PEG-Lipid Nanoparticles in the Development of mRNA Vaccines

Automated Solutions and In-Situ PAT to Support LNP Formulation

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<center>Structure of a lipid nanoparticle (LNP) containing mRNA molecules for COVID-19 vaccine therapy</center>
Structure of a lipid nanoparticle (LNP) containing mRNA molecules for COVID-19 vaccine therapy

1. PEG Lipids
Higher stability and longer circulation


2. Helper Lipids
Structural support


3. mRNA
Coding spike protein fragments = API


4. Cholesterol
Structural support and rigidity


5. Cationic Lipids
Stabilization of mRNA

automated PAT for formulation of PEG-lipid nanoparticles LNP for mRNA production

Downstream Processing Techniques


Related Resources

Citations and References

  1. Hou, X., Zaks, T., Langer, R., & Dong, Y. (2021). Lipid nanoparticles for mRNA delivery. Nature Reviews Materials, 6(12), 1078–1094.
  2. Santonocito, D., Sarpietro, M. G., Carbone, C., Panico, A., Campisi, A., Siciliano, E. A., Sposito, G., Castelli, F., & Puglia, C. (2020). Curcumin containing PEGylated solid lipid nanoparticles for systemic Administration: a preliminary study. Molecules, 25(13), 2991.
  3. Prabhu, S., Ortega, M. S., & Ma, C. (2005). Novel lipid-based formulations enhancing the in vitro dissolution and permeability characteristics of a poorly water-soluble model drug, piroxicam. International Journal of Pharmaceutics, 301(1–2), 209–216.


Více informací


What is PEG?

PEG (polyethylene glycol) is a synthetic polymer that is commonly used in various industries including pharmaceuticals, cosmetics, and food. PEG is a hydrophilic substance, meaning it is attracted to water and readily dissolves in it. In pharmaceuticals, PEG is often used as a solubilizing agent for poorly soluble drugs. It can also be used to modify the pharmacokinetic properties of drugs by increasing their half-life, reducing their clearance rate, and improving their bioavailability.

What is a PEG-lipid? What is a Pegylated lipid?

PEG-lipid, also called pegylated lipid, is a type of lipid that is modified with a polyethylene glycol (PEG) chain. This modification helps to improve the stability of the lipid nanoparticles, which are used to deliver mRNA vaccines into cells. The PEG-lipid acts as a shield, preventing the immune system from recognizing and attacking the nanoparticles before they can deliver their payload. "Payload" refers to the therapeutic or diagnostic substance carried by the nanoparticles. This is crucial for the effectiveness of mRNA vaccines, as it allows the vaccine to reach its target cells and initiate an immune response. Thus, developing PEG-lipid has been a crucial breakthrough in the fight against COVID-19.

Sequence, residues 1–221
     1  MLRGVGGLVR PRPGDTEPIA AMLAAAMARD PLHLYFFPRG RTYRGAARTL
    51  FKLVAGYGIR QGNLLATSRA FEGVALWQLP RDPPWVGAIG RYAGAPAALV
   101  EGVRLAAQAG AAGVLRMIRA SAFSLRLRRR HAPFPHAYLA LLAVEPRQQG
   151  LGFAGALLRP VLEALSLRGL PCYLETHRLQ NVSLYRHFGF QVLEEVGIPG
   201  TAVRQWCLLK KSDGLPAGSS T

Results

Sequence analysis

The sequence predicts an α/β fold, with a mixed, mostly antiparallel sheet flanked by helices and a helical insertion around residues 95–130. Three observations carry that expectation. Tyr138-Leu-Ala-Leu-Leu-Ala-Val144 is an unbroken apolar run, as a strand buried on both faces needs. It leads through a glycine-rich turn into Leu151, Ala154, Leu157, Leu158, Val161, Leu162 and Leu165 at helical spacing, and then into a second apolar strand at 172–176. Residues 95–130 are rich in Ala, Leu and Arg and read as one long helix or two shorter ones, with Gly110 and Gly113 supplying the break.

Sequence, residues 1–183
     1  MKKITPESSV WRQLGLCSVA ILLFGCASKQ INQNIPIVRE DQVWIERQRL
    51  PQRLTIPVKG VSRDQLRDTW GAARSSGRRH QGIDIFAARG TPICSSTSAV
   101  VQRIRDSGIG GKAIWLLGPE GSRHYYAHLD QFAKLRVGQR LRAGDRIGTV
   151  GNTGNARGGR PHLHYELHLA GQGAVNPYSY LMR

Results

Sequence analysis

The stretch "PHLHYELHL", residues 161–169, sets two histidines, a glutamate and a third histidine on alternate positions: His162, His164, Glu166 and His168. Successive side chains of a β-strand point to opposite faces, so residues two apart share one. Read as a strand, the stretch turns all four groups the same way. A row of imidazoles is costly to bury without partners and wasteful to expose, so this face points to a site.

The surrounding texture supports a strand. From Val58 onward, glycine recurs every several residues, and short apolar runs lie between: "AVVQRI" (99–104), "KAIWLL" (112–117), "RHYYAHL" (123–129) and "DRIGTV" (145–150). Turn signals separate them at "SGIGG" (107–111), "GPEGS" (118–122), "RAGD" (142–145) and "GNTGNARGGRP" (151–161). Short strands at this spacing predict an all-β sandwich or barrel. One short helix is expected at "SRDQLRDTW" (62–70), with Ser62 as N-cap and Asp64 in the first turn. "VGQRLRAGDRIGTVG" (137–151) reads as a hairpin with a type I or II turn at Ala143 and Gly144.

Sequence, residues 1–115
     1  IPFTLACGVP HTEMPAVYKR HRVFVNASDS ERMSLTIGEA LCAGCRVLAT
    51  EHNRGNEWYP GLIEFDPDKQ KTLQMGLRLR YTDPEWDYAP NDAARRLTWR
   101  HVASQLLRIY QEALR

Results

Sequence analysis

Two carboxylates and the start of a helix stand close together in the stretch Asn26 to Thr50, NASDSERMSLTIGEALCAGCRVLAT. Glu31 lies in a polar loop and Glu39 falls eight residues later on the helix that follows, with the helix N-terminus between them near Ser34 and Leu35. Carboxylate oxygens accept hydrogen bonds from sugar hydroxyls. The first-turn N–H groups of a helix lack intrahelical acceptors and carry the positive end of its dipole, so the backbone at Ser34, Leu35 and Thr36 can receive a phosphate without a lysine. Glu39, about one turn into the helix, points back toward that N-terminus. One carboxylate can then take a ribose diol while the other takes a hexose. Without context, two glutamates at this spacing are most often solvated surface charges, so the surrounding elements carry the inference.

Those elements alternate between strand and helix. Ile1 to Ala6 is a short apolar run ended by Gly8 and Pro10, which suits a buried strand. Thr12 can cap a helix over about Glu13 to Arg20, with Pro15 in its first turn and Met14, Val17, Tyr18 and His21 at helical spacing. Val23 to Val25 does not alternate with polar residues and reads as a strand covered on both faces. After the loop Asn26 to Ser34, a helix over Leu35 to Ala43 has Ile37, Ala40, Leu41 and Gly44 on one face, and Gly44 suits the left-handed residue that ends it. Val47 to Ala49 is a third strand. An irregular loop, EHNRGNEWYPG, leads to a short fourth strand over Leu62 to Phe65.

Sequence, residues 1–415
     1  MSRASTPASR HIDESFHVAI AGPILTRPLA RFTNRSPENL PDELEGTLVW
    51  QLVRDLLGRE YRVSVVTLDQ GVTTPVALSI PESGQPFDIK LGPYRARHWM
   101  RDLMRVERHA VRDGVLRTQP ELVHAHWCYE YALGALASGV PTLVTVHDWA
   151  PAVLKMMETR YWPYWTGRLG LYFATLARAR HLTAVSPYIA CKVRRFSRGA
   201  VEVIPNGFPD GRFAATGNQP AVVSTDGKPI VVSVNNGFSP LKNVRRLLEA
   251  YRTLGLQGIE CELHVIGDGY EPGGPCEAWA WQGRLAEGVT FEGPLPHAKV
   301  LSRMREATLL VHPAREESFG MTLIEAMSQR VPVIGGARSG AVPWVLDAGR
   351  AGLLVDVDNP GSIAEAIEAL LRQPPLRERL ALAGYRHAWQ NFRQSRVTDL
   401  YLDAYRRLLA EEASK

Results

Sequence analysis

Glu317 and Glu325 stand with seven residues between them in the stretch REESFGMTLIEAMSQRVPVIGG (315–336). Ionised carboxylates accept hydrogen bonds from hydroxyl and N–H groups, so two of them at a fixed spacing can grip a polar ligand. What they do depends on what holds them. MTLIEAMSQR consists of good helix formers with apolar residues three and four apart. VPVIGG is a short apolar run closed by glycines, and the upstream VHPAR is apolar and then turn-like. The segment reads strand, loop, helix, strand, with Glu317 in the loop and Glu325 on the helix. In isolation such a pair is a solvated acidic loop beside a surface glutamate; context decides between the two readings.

Does lipid adhere or stick to PEG?

In general, lipids do not adhere or stick to PEG. However, the interaction between lipids and PEG can be influenced by a number of factors, such as the size and shape of the lipid molecule, the length and molecular weight of the PEG chain, and the concentration and temperature of the solution. In some cases, lipids may associate with PEG through hydrophobic interactions or van der Waals forces. However, these interactions are typically weak and reversible and do not result in a significant amount of adhesion or sticking between the two molecules.

Why use PEG lipids?

PEG lipids have various effects on the properties of lipid nanoparticles such as particle size and stability. PEG lipids can also be utilized to attach specific ligands to the particle for targeted delivery. By optimizing the proportions and properties of PEG lipids, chemists can potentially enhance the efficacy of drug delivery and overcome the limitations of poorly soluble drugs. Additionally, PEG lipids are often used as an excipient in pharmaceutical formulations, including vaccines, due to their biocompatibility and ability to improve drug solubility and stability. Both the Moderna and Pfizer-BioNTech COVID-19 vaccines use PEG-lipids as an excipient, which is a substance that is added to a vaccine formulation to improve its stability and effectiveness.

How does PEG increase circulation time?

PEG (polyethylene glycol) can increase the circulation time of drugs or drug carriers, such as lipid nanoparticles, by reducing their recognition and elimination by the immune system. Specifically, when PEG molecules are attached to the surface of the drug or drug carrier, they form a protective layer that shields it from detection by the body's immune cells. This is because PEG is a hydrophilic polymer that is not recognized as foreign by the immune system, and therefore it is not subject to the same clearance mechanisms that are responsible for eliminating foreign substances from the body. This protective effect is sometimes referred to as the "stealth effect" or "PEGylation", and it can significantly improve the pharmacokinetic properties of drugs or drug carriers, such as lipid nanoparticles, by increasing their circulation time in the bloodstream.